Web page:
Honolulu Police Chief Susan Ballard blamed the collapse of a $400,000 program with the Domestic Violence Action Center on the nonprofit group’s lack of communication with the department, not on inaction by the department.
“When we called them they didn’t say there were any problems,” Ballard told the Honolulu Police Commission at its Wednesday meeting about the 2016 program. Called Safe On Scene, the program offered advocates to meet HPD officers at domestic violence scenes to provide information about housing, legal help and counseling to victims.
The commission had asked Ballard to provide more information on why the program did not work after being notified that the nonprofit group was returning more than $400,000 in government grant money because of HPD’s lackluster participation.
HPD Chief Susan Ballard told the police commission Wednesday that police officers were often so busy at a domestic violence scene that they couldn’t wait for advocates to respond.
Terri Langford/Civil Beat
But Ballard insisted that the department was not at fault and said that it was her understanding the program was canceled by the center because the group had a quota to meet with donors and that was not an HPD issue.
“DVAC kept saying they had to reach a certain number,” Ballard said.
DVAC advocate Mary Canta, who attended the commission meeting, told Civil Beat the center never had any quotas or numbers to meet to make the program work.
The decision to cancel was because the organization could not justify spending so much on salaries for people to go out at night if there was such an infrequent response from officers.
“There were no quotas,” she said.
750 Domestic Violence Calls Per Month
The Safe On Scene program was designed to place the center’s advocates in front of victims as soon as officers responded to a domestic violence incident. Officers were to contact the advocates as they were responding to driving to a crime scene or after they arrived.
Two months ago, the DVAC’s chief executive Nanci Kreidman notified Ballard they would have to cancel the program because the nearly 30-year-old nonprofit was getting too few calls from HPD officers when they were on the scene.
In her letter to the chief, Kriedman said she would be returning more than $400,0000 in grant money earmarked for the program because of the lackluster participation. An advocate would continue to help victims involved in criminal cases but the group will no longer send people out in the field after the end of this year.
Ballard provided data to the commission that showed that 7,480 domestic violence calls came into the department between January and October of this year, at least 750 a month. Of those initial calls, 5,653 involved family arguments and only 1,827 resulted in criminal charges.
The chief told the commission that HPD officers have so much to do when they answer a call that they do not have time to wait around for an advocate.
She also said the reason officers would wait to call the center is because they were busy securing sometimes dangerous scenes and interviewing witnesses. And she said that by the time an officer leaves a scene, victims usually don’t want to talk to anyone else.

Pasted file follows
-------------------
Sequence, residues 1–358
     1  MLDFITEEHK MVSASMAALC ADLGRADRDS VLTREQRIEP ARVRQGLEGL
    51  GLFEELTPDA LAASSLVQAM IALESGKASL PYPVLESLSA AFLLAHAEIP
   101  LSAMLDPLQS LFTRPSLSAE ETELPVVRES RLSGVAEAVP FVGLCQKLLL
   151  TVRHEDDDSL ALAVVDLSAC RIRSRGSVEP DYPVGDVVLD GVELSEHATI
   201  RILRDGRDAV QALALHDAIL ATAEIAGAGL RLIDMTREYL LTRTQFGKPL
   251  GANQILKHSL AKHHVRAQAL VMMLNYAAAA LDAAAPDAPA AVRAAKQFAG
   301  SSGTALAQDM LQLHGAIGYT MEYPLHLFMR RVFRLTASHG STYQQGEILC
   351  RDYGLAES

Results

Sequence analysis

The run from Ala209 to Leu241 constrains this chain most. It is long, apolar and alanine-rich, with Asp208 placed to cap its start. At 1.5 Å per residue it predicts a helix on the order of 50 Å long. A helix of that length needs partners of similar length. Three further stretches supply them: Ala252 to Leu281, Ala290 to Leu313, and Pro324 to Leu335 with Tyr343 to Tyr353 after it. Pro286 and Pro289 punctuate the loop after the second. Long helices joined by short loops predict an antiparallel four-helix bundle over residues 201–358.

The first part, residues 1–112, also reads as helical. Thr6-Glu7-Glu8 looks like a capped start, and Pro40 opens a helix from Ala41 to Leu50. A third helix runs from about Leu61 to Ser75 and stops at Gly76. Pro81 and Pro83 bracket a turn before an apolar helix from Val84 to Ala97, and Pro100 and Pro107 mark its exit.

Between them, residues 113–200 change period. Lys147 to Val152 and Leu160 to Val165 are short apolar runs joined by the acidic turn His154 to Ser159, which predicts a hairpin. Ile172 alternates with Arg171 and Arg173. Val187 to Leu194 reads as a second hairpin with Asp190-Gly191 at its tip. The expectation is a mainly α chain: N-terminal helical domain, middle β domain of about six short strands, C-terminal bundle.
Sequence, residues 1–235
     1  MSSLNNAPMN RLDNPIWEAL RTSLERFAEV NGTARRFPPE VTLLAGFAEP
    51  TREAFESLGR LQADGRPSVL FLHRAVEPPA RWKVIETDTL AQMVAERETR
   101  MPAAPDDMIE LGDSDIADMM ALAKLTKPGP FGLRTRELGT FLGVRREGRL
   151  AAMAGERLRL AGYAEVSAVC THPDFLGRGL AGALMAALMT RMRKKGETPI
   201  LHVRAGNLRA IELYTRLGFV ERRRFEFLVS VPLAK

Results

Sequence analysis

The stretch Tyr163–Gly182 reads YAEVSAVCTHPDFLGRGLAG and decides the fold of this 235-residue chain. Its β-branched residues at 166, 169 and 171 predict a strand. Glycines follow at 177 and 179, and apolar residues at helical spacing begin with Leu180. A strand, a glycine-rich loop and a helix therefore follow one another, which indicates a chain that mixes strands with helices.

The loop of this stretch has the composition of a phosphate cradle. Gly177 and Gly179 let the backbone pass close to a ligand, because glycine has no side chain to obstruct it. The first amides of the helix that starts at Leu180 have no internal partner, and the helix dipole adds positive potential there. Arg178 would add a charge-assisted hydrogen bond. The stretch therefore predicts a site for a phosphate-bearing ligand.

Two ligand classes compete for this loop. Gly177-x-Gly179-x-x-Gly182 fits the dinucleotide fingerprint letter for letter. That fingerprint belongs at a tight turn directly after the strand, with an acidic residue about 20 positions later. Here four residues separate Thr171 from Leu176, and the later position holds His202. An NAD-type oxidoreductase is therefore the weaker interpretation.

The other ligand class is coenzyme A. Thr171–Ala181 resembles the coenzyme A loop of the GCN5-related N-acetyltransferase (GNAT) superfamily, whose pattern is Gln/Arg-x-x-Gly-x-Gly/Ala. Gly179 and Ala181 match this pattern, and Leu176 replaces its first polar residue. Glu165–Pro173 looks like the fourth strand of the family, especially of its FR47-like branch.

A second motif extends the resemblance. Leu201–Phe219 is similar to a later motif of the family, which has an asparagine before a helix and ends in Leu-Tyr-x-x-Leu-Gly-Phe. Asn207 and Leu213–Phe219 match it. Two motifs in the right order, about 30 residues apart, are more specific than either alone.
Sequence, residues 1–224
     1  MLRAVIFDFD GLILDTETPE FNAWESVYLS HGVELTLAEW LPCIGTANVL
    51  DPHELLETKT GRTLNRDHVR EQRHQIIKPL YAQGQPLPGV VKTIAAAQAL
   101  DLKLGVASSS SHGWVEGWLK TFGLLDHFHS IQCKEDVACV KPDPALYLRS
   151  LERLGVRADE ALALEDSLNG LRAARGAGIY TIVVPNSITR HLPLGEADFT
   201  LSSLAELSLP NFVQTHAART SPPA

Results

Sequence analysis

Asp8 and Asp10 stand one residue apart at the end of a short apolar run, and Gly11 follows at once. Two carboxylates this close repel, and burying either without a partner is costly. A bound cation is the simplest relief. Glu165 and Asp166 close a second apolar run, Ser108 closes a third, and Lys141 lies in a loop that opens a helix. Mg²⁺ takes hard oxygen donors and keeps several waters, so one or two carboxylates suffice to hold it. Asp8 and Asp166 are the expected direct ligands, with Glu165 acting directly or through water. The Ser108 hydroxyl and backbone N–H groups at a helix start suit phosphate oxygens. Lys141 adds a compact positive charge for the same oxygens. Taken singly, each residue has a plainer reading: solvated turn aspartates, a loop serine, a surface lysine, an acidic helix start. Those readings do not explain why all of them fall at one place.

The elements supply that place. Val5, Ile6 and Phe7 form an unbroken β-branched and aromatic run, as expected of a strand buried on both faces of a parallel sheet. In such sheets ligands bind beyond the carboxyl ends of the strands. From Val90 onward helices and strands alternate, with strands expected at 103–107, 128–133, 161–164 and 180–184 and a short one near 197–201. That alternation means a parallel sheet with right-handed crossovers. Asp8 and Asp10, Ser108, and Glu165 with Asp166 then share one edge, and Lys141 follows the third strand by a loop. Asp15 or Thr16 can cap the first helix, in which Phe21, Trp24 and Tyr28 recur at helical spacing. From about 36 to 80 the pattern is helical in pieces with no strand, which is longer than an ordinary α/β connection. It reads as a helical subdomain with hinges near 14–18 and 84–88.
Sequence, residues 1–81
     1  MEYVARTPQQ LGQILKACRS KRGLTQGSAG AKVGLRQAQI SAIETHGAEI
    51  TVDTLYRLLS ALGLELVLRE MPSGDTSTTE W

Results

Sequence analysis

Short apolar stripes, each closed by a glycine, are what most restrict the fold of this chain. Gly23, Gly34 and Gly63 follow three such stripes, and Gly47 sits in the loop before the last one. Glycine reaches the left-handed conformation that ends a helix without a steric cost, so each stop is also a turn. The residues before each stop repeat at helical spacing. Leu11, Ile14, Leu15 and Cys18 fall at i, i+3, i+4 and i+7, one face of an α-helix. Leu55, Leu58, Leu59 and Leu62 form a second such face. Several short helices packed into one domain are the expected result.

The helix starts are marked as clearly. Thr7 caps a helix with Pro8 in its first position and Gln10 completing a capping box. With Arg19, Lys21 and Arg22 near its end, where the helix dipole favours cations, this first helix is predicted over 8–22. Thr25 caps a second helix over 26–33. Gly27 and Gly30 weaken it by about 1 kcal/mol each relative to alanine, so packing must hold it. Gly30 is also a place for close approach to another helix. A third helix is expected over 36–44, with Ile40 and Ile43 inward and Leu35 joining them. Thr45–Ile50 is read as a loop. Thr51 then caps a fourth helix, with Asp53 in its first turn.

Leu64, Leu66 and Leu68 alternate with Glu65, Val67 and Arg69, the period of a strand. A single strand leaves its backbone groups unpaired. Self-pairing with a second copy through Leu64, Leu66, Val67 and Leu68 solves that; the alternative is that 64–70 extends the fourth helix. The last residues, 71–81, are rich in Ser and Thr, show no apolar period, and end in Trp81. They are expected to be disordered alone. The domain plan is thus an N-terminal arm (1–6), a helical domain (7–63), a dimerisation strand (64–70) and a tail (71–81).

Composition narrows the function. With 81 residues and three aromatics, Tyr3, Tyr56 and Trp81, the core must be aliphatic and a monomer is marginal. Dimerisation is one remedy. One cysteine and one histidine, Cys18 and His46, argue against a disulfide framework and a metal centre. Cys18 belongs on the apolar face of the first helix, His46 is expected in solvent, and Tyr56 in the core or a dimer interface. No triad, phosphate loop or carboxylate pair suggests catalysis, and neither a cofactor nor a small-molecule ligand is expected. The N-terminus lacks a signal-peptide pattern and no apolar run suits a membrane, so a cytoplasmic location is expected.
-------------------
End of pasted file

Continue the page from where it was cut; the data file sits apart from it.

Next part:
That was the reason DVAC didn’t get a lot of calls from officers. Ballard did not provide the commission with any numbers on how many times HPD contacted the group.
“They refuse services,” she said. “You don’t want officers hanging at your house.”
Commissioner Richard Grimm defended the chief and the department. “The thing that upsets me is an NGO is trying to run your department,” he said. “DVAC is not going to save lives.”
That prompted Commission Chair Loretta Sheehan to zero in on the chief’s explanation and provide some figures of her own based on information provided by DVAC. Despite more than 700 calls coming into HPD each month regarding domestic violence incidents, no more than 25 or 30 calls were made each month by HPD to the center, requesting an advocate.
Honolulu Police Commission Chair Loretta Sheehan told the commission Wednesday that problems between HPD and the domestic violence agency could have been worked out.
Cory Lum/Civil Beat
“It would have been very easy to call and keep somebody on the perimeter,” Sheehan said. “I think there was generally an unwillingness to make the call.”
Sheehan also said that the program was a collaboration the department had agreed to through a contract. If there were problems implementing the agreement, they could have been worked out. She also said she was frustrated by what she described as a lack of investment by the police department.
“Nobody at HPD was tracking this program,” Sheehan said.
While no more DVAC advocates will be sent to the scene when the program ends in December, an advocate will continue to work for victims involved in felony HPD criminal cases that go to court.
“Maybe with this initial program they bit off more than they could chew,” Sheehan said after the meeting. “So let’s scale down the program to felonies.”
Sign up for our FREE morning newsletter and face each day more informed.
Our journalism needs your help.
While asking for your support is something we don’t like to do, the simple fact is that our reporters, our journalism, and our impact rely on it. Since lifting our paywall and becoming a nonprofit in mid-2016, our local newsroom has benefitted from a stream of charitable support from people who want our type of journalism to survive. People like you who understand that our work is essential to a better-informed community. If you value the work of our journalists, show us with your tax-deductible support.